No matter if you have just got your first sewing machine or you are a long time quilting pro we all use needles in our creating career.
Yet some of us that use needles regularly are often baffled at the vast variety on the wall in front of us at the fabric stores.
Realizing there are many more options than just hand or machine needles, many of us simply grab a familiar looking package, regardless of if it is the correct package of tools for the job.

Depending upon method, and material, having the right needle or in some case needles, in our machines can truly be make or break to the project.

So how do we start when choosing the right needle?

Well, we first have to know what’s out there and available. You may even be inspired to create a new project just to utilize some of the amazing needles available on the market.

Let us start with machine needles. Now as I mentioned if you have a modern domestic machine the needle system will be the same for all of these, if you are working on an industrial machine, well, that’s a whole separate animal. Check out my page on Industrial Machines here!

Machine Needles

First, a few things to note, unlike thread, the needles numbers is equal to the lower the number, the finer the needle.

1. The Universal Needle-

This is everyone’s go-to needle, why cause it’s called universal, it seems appropriate for everything, and for most of your projects you are probably correct. But here is how to tell for sure.
Universal needles work well on most woven, synthetic, and natural materials. They have a slightly balled point allowing them to slip between the threads of the material without damage to the material. This creates a strong hold with a long-lasting quality to the overall project.
Universal needles will range in weight. This makes the universal needle suitable for everything from lightweight materials, using a 60/8, all the way up to a heavyweight needle for dense fabrics such as a 120/20.

2. Ball Point –

This needle is ideal for interlock, cotton knits, rib knits, fleece, double knits, all knits really! The tip of this needle has a ball on the end, allowing the needle to gently move aside the knit materials when stitching. This means no snagging or puckering of material like other needles would. These also come in a range of weights for different weights of materials. From 70/10 all the way up to the 100/16, and, of course, multipacks, to be ready for any project.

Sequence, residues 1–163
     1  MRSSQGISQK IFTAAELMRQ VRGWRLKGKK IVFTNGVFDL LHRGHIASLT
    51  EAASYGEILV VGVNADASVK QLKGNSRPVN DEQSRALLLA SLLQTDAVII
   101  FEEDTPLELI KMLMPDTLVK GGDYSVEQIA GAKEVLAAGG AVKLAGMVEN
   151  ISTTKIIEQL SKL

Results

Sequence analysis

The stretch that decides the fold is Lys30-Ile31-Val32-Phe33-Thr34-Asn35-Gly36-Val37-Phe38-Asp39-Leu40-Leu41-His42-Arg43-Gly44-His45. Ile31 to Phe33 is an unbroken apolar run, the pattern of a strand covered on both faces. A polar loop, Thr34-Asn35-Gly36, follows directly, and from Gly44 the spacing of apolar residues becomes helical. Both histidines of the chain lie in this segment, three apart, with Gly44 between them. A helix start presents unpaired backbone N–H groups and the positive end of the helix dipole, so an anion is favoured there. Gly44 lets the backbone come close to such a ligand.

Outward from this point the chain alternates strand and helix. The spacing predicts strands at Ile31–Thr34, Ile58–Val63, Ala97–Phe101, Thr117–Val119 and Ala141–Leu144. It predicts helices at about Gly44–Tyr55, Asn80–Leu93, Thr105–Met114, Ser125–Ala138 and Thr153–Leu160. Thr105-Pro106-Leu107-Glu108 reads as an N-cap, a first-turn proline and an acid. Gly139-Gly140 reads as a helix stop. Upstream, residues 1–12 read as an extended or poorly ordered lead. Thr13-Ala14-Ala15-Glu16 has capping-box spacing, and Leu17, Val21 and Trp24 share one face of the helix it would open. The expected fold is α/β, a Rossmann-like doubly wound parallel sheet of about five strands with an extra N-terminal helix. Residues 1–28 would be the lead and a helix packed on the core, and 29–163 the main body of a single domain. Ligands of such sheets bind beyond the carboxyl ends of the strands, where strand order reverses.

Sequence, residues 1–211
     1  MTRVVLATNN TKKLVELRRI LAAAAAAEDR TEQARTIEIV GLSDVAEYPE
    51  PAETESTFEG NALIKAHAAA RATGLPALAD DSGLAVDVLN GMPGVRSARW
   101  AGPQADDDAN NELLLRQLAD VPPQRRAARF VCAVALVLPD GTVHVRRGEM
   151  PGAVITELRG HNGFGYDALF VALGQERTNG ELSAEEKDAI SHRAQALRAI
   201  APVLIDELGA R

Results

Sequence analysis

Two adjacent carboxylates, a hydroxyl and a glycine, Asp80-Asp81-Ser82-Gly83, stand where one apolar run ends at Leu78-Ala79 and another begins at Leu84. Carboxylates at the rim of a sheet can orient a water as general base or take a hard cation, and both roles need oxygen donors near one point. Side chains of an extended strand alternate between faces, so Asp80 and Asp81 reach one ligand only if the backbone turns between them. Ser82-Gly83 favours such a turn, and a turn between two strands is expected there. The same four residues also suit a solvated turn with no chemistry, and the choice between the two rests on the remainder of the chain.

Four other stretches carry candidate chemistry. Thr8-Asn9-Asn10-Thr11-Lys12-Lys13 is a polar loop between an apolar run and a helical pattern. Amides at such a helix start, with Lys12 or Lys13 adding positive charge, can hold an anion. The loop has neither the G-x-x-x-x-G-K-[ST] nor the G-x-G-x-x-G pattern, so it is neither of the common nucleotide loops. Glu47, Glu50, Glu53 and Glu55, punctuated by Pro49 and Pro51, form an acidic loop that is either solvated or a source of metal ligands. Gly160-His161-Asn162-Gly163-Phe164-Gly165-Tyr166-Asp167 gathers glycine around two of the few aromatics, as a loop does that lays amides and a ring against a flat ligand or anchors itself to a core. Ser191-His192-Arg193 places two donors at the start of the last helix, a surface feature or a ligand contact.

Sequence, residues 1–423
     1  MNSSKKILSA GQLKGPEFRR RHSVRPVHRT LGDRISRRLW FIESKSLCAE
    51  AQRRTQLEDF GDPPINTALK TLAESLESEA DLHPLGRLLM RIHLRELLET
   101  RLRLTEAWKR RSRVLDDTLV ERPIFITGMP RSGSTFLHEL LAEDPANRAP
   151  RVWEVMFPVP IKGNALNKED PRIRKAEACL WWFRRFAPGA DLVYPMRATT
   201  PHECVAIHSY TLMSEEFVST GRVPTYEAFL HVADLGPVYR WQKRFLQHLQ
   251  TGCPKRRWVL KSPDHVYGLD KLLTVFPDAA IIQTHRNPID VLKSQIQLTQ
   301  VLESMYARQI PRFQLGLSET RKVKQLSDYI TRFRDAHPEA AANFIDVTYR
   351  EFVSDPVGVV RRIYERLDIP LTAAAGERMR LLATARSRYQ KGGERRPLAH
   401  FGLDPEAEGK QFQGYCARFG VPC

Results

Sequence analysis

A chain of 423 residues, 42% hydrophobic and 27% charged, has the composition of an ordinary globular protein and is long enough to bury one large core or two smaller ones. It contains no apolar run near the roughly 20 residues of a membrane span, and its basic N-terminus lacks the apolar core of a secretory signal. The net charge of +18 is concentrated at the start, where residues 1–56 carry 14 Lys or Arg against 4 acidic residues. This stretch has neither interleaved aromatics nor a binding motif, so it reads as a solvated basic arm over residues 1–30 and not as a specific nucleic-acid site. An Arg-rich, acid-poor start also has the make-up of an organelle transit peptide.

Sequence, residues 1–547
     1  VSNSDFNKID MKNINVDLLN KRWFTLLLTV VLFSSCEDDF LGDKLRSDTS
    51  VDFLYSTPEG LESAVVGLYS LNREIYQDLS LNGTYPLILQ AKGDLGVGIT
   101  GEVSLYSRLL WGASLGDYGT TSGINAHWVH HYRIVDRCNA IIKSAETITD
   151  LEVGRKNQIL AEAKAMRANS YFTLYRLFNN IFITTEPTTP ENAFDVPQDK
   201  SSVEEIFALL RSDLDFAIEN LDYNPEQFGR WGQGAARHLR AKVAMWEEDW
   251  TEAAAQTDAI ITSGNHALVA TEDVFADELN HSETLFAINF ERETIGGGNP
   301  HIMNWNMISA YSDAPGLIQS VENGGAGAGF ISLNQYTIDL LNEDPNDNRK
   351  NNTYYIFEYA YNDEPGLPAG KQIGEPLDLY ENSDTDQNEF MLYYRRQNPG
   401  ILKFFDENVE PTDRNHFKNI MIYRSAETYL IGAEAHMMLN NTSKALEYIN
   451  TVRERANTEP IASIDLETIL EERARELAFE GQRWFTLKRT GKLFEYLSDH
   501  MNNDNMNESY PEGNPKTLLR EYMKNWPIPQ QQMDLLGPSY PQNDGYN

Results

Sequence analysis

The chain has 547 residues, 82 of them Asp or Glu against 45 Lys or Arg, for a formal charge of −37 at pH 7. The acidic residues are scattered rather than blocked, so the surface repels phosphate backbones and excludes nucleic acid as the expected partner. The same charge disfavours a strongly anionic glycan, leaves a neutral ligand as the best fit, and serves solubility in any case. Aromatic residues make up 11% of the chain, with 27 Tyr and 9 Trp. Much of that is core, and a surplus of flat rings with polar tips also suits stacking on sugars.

3. Stretch Needles-

Now, you may be asking yourself what could the difference possibly be from a ballpoint to a stretch. Well, the stretch needle goes even further to prevent skipped stitches as well as preventing the snagging as will the ballpoint. The stretch needle has a specially designed scarf to this needle, preventing skipped stitches and making it great to sew elastic! It’s ideal for use with two way stretch knits, lycra, power net, silk jersey, spandex and any highly elasticized synthetic fabrics. With the stretch needle, you are able to utilize woolly nylon for extra stretch.
With the weight of these needles, you mostly have two options light, 75/11 and heavy, 90/14.

4. Jeans needle-

This is a needle designed for, you guessed it, JEANS! Also any densely woven canvas type fabric, a heavy twill or work wear. These needles have a very sharp point as well as a denser shank to help prevent needle bending/breaking. This also allows the needle to penetrate the fabric with ease.
Due to the nature of this needle your range will be from a light-ish 80/12 all the way to a 110/16. For regular jeans I recommend the 100/14, especially for the top stitching.

5. Metallic Needle-

Now this doesn’t refer to the needle itself.  Since all needles are metallic in nature. This cool needle is specifically for sewing with shiny threads like the embroidery rayons and metallics. Metallic needles have a larger eye than most, allowing for a delicate decorative thread to slide through without sheering or burring. This needles weight and point style is also similar to the universal needle, however with a larger eye. So, overall easier to thread, giving it great versatility.

6. Sharps-

So yes, almost all needles are sharp, but these needles are sharp with purpose, and dense. This means that they will not deflect or break and can easily penetrate multiple layers of cotton with batting, making them great for quilters and perfect for pristine button holes. The sharp needle with added stability makes these the go to for microfiber material. These needles range from 60/8 all the way to a heavy 90/14